• Great advice! I have this lens. It is one of my favorites. I took me a while but I have also noticed that taking a few steps forward and keeping your subject close will give you an awesome perspective. It is actually the second copy that I have. I bought a refurbish the first time, bad mistake. It had focus issues. Still the good shoots I got inspired me to get a second copy (non-refurbished) and it is spot on. I find myself using this lens more often then I use my 24-70mm f/2.8. I have a lot of fun with it :-)

        See link for 28mm shot.

        http://500px.com/photo/69942441/fire-eyes!-by-rolf-quander?from=user_library

  6. Victor Suarez says:

    Awesome review Ming. Would you consider the 28 for a new Nikon D-7100 DX sensored camera. I chose the 35 f1.8 but can easily return it for the 28 which was really my first choice HOWEVER I had read that it wasn’t really a good choice for the DX format. Your thoughts?

  7. Liang Guo says:

    Happy new year Ming!
    I am now seriously considering 28G and have read your appealing review thoroughly. In your onverall opion, this is a very worthy len. But I heard a somehow negative aspect on this len from several users: it yields a good sharpness when the focus distance is within 1 m; however as the distance is beyond 1 m or longr, say for landscape or group photo, the sharpness will increasingly drop (maybe because the focus distance of the window is infinite when it is beyond 0.7 m). I wonder whether this happens in your case. Is it acceptable or noticeable for you?
    Hope my question will not cost you too much time. Thank you!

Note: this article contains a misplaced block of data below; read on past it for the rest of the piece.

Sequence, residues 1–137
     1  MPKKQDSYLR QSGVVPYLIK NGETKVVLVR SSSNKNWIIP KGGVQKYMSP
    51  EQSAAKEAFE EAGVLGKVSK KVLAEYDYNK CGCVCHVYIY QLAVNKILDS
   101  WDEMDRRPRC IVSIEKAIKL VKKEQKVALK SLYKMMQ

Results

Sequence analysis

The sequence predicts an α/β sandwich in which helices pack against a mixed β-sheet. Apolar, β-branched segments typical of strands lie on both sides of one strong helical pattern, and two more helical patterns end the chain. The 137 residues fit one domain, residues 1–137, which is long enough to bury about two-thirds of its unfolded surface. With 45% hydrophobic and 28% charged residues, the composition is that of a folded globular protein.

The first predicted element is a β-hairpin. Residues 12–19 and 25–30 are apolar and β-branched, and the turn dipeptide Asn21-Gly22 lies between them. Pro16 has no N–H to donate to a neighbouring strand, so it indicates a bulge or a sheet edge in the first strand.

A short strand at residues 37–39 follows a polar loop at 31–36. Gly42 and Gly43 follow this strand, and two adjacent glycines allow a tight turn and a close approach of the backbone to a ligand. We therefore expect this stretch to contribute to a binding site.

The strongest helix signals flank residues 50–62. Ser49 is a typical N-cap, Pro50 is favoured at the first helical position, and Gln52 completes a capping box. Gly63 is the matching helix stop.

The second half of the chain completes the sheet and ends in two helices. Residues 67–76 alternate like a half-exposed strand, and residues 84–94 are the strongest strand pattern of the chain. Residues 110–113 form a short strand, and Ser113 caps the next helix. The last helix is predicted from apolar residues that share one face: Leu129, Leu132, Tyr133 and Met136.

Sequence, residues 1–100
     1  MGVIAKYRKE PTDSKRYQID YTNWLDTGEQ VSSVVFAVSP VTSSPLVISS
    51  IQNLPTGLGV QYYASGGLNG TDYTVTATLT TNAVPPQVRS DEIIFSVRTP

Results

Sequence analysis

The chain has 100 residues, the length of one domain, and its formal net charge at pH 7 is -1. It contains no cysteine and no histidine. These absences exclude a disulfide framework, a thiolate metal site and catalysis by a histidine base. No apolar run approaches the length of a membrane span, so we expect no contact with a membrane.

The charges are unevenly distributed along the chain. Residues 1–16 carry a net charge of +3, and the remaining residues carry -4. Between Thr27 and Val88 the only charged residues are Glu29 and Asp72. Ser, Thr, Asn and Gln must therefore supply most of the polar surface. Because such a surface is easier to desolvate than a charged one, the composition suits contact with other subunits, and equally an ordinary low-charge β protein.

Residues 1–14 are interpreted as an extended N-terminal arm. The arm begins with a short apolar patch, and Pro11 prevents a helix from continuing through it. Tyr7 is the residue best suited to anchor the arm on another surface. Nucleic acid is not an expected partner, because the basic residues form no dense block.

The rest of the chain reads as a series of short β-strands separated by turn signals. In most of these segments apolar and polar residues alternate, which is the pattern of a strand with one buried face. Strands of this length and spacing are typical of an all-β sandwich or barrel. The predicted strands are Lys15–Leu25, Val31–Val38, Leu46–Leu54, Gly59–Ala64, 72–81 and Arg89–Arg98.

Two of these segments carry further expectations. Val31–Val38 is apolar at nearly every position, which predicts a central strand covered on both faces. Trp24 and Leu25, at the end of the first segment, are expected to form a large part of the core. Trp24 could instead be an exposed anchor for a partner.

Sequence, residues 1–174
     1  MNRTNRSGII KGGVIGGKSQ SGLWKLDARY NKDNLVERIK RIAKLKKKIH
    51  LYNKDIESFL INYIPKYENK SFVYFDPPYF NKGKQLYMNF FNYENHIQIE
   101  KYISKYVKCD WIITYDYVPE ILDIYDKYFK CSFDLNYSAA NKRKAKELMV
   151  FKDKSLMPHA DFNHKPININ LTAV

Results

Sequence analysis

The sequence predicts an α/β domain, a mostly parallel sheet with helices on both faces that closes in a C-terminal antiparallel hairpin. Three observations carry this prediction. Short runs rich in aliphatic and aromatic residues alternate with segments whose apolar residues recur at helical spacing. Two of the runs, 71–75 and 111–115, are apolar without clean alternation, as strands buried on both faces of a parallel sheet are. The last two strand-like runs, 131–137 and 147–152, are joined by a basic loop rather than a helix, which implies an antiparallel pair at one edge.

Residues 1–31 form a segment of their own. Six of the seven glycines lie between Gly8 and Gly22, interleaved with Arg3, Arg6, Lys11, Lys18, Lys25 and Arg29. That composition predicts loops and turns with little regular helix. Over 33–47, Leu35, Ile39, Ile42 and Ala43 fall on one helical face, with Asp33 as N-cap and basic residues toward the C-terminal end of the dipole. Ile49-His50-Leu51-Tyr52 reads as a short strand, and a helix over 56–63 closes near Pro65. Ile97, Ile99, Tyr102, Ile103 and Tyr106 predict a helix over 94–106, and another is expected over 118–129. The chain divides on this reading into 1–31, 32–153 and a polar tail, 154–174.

8. I originally bought my D600 with the idea to buy the three 1.8G primes. However since I mostly used my 24-70 at the extremes (especially 24mm) I’m wondering how much I’ll like the focal length. Although I really like your photos with the 28, the perspective feels wide but very natural indeed. I’ve even started wondering about the 16-35, but I don’t want zooms anymore, too big and they make me lazy.

    Then there are the 20/2.8 and 24/2.8, but from all the reviews I get the impression that the 28/1.8 is simply the better lens, the 20 and 24 don’t seem to fit modern megapixel monsters very well. Have you tried the 20 or 24/2.8? I guess I wish Nikon would also include something a little wider in their affordable primes range.

  9. Ming,

    Your review of Nikon AFS 28/1.8 G (June 2012, 8/10) does not mention the focus shift issue discussed on the web in many places. Perhaps the best discussion is http://www.cameralabs.com/reviews/Nikon_Nikkor_AF-S_28mm_f1-8G. On the basis of this discussion and others, I decided not to buy the lens. What is odd is that other reviewers say there is no focus shift problem that they can detect.

    Any thoughts on this you might have would be appreciated.

    Ron

    • I haven’t noticed it, to be honest. It’s possible that the reason for this is that I calibrated my AF fine tune for this lens wide open, then only tend to shoot it at f1.8 or f5.6 or smaller, meaning that by the time focus shift becomes a issue, I’m already covered by depth of field. It might well exist but it doesn’t affect the way I shoot with it.